Suzanne Massingill: I listen to things like that, because I mean this business is ever evolving. So it's where I learn something new every single day, you know? So digitally, every, you know what I mean? Just technically everything changes and I'll be like, "Oh, we got to do that now."

Marcus Neto: You can't ever take anything off of the list of things to do, but you can certainly add a bunch more to it. Right?

Suzanne Massingill: Right. And there's just a new way to do things.

Marcus Neto: Yeah. I mean, just give us an example of one of the podcasts in case somebody is out there listening to this that thinks that maybe they want to be a better actor or-

Suzanne Massingill: Ryan Glorioso is a casting director in New Orleans and he has a podcast called... Is called Talking Like Normal People. And he named it that because he wants the actors to come in and stop acting, and do your lines like a normal person. So I think he gives his side of what and then he has actors come on who are successful in our market and working maybe east coast and west coast and give their tips just to tell people, don't make this mistake. This is what I did. I did it wrong. Don't do that.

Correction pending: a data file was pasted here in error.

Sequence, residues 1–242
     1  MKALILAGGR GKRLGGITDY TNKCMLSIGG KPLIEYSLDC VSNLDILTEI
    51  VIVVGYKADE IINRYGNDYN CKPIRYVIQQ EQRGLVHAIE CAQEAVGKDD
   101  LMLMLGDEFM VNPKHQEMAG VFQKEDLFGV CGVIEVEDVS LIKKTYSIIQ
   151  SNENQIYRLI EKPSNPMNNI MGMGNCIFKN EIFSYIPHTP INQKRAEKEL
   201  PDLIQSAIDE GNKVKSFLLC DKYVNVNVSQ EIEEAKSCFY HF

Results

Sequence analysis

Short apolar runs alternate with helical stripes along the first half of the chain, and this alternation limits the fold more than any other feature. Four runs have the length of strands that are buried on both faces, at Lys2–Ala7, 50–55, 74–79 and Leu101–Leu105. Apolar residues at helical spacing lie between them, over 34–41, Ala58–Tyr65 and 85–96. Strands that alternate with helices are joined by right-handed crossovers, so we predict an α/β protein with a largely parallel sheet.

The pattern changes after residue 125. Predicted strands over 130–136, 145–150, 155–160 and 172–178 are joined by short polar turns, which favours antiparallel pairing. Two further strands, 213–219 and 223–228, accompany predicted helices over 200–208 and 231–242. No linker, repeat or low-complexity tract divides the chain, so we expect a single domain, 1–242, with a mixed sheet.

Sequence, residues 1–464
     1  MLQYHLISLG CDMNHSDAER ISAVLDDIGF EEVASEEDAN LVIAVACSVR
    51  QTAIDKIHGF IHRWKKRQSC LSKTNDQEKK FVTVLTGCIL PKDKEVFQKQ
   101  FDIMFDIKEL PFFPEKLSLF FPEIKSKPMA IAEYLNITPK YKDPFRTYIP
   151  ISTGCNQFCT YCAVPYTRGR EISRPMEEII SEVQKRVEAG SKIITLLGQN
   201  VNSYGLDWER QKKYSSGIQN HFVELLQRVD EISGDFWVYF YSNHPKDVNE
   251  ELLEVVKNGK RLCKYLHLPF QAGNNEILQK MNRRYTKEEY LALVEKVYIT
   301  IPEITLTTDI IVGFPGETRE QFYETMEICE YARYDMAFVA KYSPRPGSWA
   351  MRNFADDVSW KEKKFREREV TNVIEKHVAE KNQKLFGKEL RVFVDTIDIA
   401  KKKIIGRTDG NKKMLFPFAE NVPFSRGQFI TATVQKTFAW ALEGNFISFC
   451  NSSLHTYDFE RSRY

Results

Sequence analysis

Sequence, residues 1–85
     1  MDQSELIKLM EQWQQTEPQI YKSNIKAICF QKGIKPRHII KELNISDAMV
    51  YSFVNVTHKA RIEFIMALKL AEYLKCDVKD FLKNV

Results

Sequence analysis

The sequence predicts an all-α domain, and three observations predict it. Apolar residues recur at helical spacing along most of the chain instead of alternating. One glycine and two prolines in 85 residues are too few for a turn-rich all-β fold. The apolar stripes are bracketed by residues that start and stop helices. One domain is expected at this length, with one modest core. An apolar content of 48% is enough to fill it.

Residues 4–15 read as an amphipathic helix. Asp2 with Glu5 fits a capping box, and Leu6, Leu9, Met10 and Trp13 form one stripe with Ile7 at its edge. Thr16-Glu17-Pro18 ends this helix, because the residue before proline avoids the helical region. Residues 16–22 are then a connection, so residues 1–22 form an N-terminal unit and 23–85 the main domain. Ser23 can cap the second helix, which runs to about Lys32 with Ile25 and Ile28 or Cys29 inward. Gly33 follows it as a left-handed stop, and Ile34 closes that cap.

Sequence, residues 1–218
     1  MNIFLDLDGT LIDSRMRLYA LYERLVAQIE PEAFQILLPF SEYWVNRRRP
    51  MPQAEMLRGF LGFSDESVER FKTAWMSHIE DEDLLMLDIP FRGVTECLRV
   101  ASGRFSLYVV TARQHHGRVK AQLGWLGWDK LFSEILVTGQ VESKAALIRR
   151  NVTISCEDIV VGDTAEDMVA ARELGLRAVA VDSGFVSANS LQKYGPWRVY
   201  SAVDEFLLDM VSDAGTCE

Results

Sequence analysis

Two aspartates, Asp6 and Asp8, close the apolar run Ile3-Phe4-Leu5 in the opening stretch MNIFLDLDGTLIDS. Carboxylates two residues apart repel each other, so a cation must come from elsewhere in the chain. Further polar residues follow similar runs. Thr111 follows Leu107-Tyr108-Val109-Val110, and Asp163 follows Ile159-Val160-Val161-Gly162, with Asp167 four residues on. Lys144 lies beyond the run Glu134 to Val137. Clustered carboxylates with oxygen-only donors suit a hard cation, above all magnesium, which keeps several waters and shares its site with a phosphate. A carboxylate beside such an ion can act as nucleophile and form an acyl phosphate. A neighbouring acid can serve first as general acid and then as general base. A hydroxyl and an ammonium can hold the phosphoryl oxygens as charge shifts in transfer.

Marcus Neto: Learning practical lessons from-

Suzanne Massingill: Yes. So I really like his cause he'll have a kid actor or a stunt guy on or somebody in their 60s whose been doing it forever, you know? And it's different perspectives from all sides of the industry.

Marcus Neto: Oh, that's really cool.

Suzanne Massingill: Mm-hmm (affirmative).

Marcus Neto: Now, what's the most important thing that you've learned about running a business?

Suzanne Massingill: How you treat people and to market yourself. I think people don't market themselves enough. I think that people think that if you're already known or established that everybody knows you and that's not true.